Appl Clin Inform 2013; 04(02): 276-292
DOI: 10.4338/ACI-2012-09-RA-0034
Research Article
Schattauer GmbH

Usability characteristics of self-administered computer-assisted interviewing in the emergency department

Factors affecting ease of use, efficiency, and entry error
D. B. Herrick*
1  Johns Hopkins University School of Medicine, Department of Neurology
,
A. Nakhasi*
2  Johns Hopkins University School of Medicine
,
B. Nelson
3  Johns Hopkins University
,
S. Rice
1  Johns Hopkins University School of Medicine, Department of Neurology
,
P. A. Abbott
4  Johns Hopkins University School of Nursing
,
A. S. Saber Tehrani
1  Johns Hopkins University School of Medicine, Department of Neurology
,
R. E. Rothman
5  Johns Hopkins University School of Medicine, Department of Emergency Medicine
,
H. P. Lehmann
6  Johns Hopkins University School of Medicine, Division of Health Sciences Informatics
,
D. E. Newman-Toker
1  Johns Hopkins University School of Medicine, Department of Neurology
› Author Affiliations
Further Information

Correspondence to:

David E. Newman-Toker
Johns Hopkins Hospital
Meyer 8–154
600 North Wolfe Street
Baltimore, MD 21287
Email: toker@jhu.edu   
Phone: 410–502–6270   
Fax: 410–502–6265

Publication History

received: 12 September 2012

accepted: 01 June 2013

Publication Date:
19 December 2017 (online)

 

Summary

Objective: Self-administered computer-assisted interviewing (SACAI) gathers accurate information from patients and could facilitate Emergency Department (ED) diagnosis. As part of an ongoing research effort whose long-range goal is to develop automated medical interviewing for diagnostic decision support, we explored usability attributes of SACAI in the ED.

Methods: Cross-sectional study at two urban, academic EDs. Convenience sample recruited daily over six weeks. Adult, non-level I trauma patients were eligible. We collected data on ease of use (self-reported difficulty, researcher documented need for help), efficiency (mean time-per-click on a standardized interview segment), and error (self-report age mismatched with age derived from electronic health records) when using SACAI on three different instruments: Elo TouchSystems ESY15A2 (finger touch), Toshiba M200 (with digitizer pen), and Motion C5 (with digitizer pen). We calculated descriptive statistics and used regression analysis to evaluate the impact of patient and computer factors on time-per-click.

Results: 841 participants completed all SACAI questions. Few (<1%) thought using the touch computer to ascertain medical information was difficult. Most (86%) required no assistance. Participants needing help were older (54 ± 19 vs. 40 ± 15 years, p<0.001) and more often lacked internet at home (13.4% vs. 7.3%, p = 0.004). On multivariate analysis, female sex (p<0.001), White (p<0.001) and other (p = 0.05) race (vs. Black race), younger age (p<0.001), internet access at home (p<0.001), high school graduation (p = 0.04), and touch screen entry (vs. digitizer pen) (p = 0.01) were independent predictors of decreased time-per-click. Participant misclick errors were infrequent, but, in our sample, occurred only during interviews using a digitizer pen rather than a finger touch-screen interface (1.9% vs. 0%, p = 0.09).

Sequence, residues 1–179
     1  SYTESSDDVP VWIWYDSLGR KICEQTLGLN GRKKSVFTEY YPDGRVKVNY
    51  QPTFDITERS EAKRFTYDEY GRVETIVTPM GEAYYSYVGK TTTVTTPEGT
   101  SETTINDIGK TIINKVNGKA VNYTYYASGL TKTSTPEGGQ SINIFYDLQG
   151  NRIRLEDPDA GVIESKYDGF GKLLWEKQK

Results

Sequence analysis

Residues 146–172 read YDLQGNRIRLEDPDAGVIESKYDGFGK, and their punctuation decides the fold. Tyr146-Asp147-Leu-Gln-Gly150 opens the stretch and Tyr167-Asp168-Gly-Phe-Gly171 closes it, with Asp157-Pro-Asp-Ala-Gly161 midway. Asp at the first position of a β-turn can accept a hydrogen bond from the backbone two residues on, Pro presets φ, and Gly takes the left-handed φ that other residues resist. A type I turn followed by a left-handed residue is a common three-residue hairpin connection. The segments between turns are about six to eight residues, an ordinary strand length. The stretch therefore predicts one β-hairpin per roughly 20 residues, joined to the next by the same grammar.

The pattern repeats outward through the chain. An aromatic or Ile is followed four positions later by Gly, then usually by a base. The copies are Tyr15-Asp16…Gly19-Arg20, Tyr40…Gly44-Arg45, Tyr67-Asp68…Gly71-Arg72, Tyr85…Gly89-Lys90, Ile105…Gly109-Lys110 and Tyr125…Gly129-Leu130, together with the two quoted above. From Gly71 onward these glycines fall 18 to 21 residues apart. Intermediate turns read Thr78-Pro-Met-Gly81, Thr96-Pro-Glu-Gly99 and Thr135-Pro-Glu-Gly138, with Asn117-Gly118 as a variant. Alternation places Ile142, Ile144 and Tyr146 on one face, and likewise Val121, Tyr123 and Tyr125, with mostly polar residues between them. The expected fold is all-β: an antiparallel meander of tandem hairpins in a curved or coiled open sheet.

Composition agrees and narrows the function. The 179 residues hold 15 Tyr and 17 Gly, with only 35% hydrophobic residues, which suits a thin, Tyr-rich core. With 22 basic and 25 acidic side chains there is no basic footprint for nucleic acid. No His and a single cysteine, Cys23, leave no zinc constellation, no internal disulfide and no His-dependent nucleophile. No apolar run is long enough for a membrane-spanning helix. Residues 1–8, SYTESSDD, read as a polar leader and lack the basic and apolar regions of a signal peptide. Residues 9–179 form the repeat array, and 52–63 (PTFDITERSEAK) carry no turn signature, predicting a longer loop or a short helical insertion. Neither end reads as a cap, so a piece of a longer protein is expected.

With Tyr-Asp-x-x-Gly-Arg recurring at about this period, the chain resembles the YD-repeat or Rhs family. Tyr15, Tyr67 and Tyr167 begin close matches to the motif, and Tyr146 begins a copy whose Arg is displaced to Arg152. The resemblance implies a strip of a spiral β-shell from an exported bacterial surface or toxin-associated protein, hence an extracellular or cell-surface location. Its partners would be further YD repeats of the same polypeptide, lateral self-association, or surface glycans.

Discussion: Our results support the facility of interactions between ED patients and SACAI. Demographic factors associated with need for assistance or slower interviews could serve as important triggers to offering human support for SACAI interviews during implementation.

Conclusion: Understanding human-computer interactions in real-world clinical settings is essential to implementing automated interviewing as means to a larger long-term goal of enhancing clinical care, diagnostic accuracy, and patient safety.

Citation: Herrick DB, Nakhasi A, Nelson B, Rice S, Abbott PA, Tehrani ASS, Rothman RE, Lehmann HP, NewmanToker DE. Usability characteristics of self-administered computer-assisted interviewing in the emergency department. Factors affecting ease of use, efficiency, and entry error.


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Conflict of Interest Statement

No conflicts of interest. None of the authors have any financial or personal relationships with other people or organizations that could inappropriately influence (bias) their work.

* These authors request co-first authorship



Correspondence to:

David E. Newman-Toker
Johns Hopkins Hospital
Meyer 8–154
600 North Wolfe Street
Baltimore, MD 21287
Email: toker@jhu.edu   
Phone: 410–502–6270   
Fax: 410–502–6265